Civil War tales invade Nott’s Mandeville

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By Elizabeth Nailling

Since Oct. 6, the Mandeville Gallery in the Nott Memorial has hosted “Illustrating the War,” an exhibit showcasing selected engravings from Harper’s Weekly and Leslie’s Illustrated Civil War. Both of these publications were popular magazines that featured spreads of images from the time period.

Anyone interested in learning about the Civil War or looking for a way to commemorate its 150th anniversary this year would enjoy the 70 wood engravings covering the walls of the second and third floors of the Nott Memorial.

Furthermore, the exhibit itself offers visitors a very visual and detailed recording of the war’s events that occurred both on and off the battlefield.

The interim Director of the Mandeville Gallery Marie Costello organized the exhibition with Professor of History Andrea Foroughi and Joseph Privitera ‘12.

Costello explained how the process began with a raw sketch and notes from the artist at the actual scene. The artist would then polish off the sketch, acquiring different vantage points by interviewing the soldiers that had been participatants in the event.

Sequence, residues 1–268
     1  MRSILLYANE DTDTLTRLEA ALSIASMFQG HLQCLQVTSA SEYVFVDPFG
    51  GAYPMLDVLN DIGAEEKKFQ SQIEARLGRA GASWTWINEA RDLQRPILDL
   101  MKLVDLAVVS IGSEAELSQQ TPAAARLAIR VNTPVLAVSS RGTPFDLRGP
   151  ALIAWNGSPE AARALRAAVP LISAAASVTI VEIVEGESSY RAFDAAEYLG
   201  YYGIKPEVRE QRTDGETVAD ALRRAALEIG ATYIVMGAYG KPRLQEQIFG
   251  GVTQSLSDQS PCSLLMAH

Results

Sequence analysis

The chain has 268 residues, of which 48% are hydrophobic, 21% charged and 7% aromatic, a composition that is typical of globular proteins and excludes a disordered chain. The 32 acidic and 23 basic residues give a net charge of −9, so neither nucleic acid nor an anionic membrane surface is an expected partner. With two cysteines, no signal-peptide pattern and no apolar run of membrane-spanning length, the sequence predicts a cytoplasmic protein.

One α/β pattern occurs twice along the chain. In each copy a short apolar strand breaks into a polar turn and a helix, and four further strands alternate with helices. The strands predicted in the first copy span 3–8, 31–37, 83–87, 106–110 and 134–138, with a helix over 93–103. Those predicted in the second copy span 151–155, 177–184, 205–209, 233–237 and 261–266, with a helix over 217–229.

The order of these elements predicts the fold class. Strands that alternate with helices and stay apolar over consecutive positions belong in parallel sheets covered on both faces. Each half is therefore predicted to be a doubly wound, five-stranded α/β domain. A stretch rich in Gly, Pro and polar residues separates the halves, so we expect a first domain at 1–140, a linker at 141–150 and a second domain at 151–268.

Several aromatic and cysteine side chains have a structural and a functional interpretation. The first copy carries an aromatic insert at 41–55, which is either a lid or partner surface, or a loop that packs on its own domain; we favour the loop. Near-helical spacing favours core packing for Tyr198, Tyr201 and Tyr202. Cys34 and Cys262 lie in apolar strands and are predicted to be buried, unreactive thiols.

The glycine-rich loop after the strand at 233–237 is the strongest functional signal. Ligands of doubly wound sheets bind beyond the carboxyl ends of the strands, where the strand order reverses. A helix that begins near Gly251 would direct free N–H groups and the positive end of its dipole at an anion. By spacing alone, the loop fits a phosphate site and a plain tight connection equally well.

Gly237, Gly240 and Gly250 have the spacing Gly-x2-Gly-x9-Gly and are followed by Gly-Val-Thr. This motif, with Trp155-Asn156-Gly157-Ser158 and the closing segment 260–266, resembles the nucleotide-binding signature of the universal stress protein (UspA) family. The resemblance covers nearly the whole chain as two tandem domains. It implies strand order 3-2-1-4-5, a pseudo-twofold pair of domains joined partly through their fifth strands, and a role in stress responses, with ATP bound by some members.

Some of the most notable engravings include “War Correspondents Killing Time at the ‘Virginia’-Jefferson City, MO” and “Dress Parade and Review of the First South Carolina (Colored) Volunteers,” drawn by Alexander Simplot, who graduated from Union in 1857.

While these images are not in color, their detail is sensational, resembling the quality of a black and white photo. However, they capture much more than a photo ever could, as they represent the perspectives of a variety of people involved in the scene.

The exhibit will continue to be open to the public every day until Nov. 20, between the hours of 10 a.m. to 6 p.m.

 

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